Peyton Manning's Revival in Denver Should Secure MVP Race

Justin OnslowContributor IIDecember 12, 2012

OAKLAND, CA - DECEMBER 06:  Peyton Manning #18 of the Denver Broncos calls an audible at the line of scrimmage during their game against the Oakland Raiders at Coliseum on December 6, 2012 in Oakland, California.  (Photo by Ezra Shaw/Getty Images)
Ezra Shaw/Getty Images

Less than a year ago, many feared Peyton Manning’s playing days were behind him.

Fast-forward to 2012. Manning is not only playing again, but he’s leading the discussion for the National Football League MVP race.

The Denver Broncos were floundering in 2011, and head coach John Fox turned to Tim Tebow to turn things around. Tebow led the Broncos to the playoffs and a 29-23 overtime win over the Pittsburgh Steelers in the first round, but Denver faltered in the Divisional Round against the New England Patriots and Tebow’s time in Denver was up.

Tebow wasn’t enough to make the Broncos perennial playoff contenders, and John Elway was quick to pull the trigger on what may be the biggest free agent signing in NFL history. He signed Manning to a five-year contract worth up to $96 million—a huge sum for a player coming off a serious neck injury.

Any speculation about Manning’s health is in the past. He looks as good as ever.

This is Manning’s 14th season and his first with a new team, yet his numbers are staggering. Manning has completed 68.3 percent of his passes this season, and were the season to end today, it would be the second-best completion percentage of his career. He’s also on pace for 4,692 passing yards, which would also be his second-best mark to date.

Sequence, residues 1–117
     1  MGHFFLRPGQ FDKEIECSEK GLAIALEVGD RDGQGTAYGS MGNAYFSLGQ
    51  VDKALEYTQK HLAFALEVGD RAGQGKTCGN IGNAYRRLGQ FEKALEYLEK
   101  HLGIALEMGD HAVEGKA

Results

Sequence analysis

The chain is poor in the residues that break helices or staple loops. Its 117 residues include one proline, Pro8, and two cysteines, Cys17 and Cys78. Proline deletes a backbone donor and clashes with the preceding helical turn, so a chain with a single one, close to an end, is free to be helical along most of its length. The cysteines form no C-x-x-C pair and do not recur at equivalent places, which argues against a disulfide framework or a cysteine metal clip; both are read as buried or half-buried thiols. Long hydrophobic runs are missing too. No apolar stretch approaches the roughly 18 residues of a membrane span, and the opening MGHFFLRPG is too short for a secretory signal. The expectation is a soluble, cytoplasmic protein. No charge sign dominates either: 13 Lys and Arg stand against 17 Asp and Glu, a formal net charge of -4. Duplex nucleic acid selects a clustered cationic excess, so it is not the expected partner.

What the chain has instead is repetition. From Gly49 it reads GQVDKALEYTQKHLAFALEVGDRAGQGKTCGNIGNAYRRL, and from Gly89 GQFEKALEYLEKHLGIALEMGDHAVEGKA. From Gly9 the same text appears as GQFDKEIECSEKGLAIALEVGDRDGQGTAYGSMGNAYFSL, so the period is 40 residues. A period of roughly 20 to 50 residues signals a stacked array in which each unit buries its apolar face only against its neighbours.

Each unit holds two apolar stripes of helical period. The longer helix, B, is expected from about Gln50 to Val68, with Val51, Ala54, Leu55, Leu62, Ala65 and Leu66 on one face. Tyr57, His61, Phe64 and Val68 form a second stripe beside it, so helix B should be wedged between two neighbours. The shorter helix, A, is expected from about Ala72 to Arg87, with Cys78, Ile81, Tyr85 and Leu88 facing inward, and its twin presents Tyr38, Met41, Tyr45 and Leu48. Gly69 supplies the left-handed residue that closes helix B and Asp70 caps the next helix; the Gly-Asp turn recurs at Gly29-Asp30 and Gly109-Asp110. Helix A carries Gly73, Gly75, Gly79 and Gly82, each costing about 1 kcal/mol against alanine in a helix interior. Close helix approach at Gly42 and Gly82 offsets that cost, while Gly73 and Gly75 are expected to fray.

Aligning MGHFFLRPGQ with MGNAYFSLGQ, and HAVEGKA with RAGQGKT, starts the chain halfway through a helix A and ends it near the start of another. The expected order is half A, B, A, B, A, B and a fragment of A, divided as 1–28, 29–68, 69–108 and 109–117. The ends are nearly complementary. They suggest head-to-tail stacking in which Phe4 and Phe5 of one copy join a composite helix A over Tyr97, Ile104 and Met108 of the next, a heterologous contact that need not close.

The numbers are all there. Manning has thrown 30 touchdowns and just 10 interceptions. He has a passer rating of 104. He’s averaging 7.89 yards per attempt.

None of those numbers as are important as the “10” in the Broncos’ win column.

Manning has turned Denver around. That’s not to say the Broncos were a bad team last year, but they certainly weren’t anywhere close to this year’s edition. The roster has remained largely the same, except for the name of the quarterback at the top of the depth chart.

One can argue that the league’s MVP should go to the best offensive player or the guy who puts up the gaudiest stats. Manning is in the running for the latter category as well. Taken literally, “most valuable” means “Manning.”

Manning has turned the Broncos into one of the best teams in the NFL, and he’s also going to carry them deep into the playoffs as he did so many times with the Indianapolis Colts. Manning is the most valuable player in the NFL this season, and when it’s all said and done, he should hoist the trophy that signifies him as such.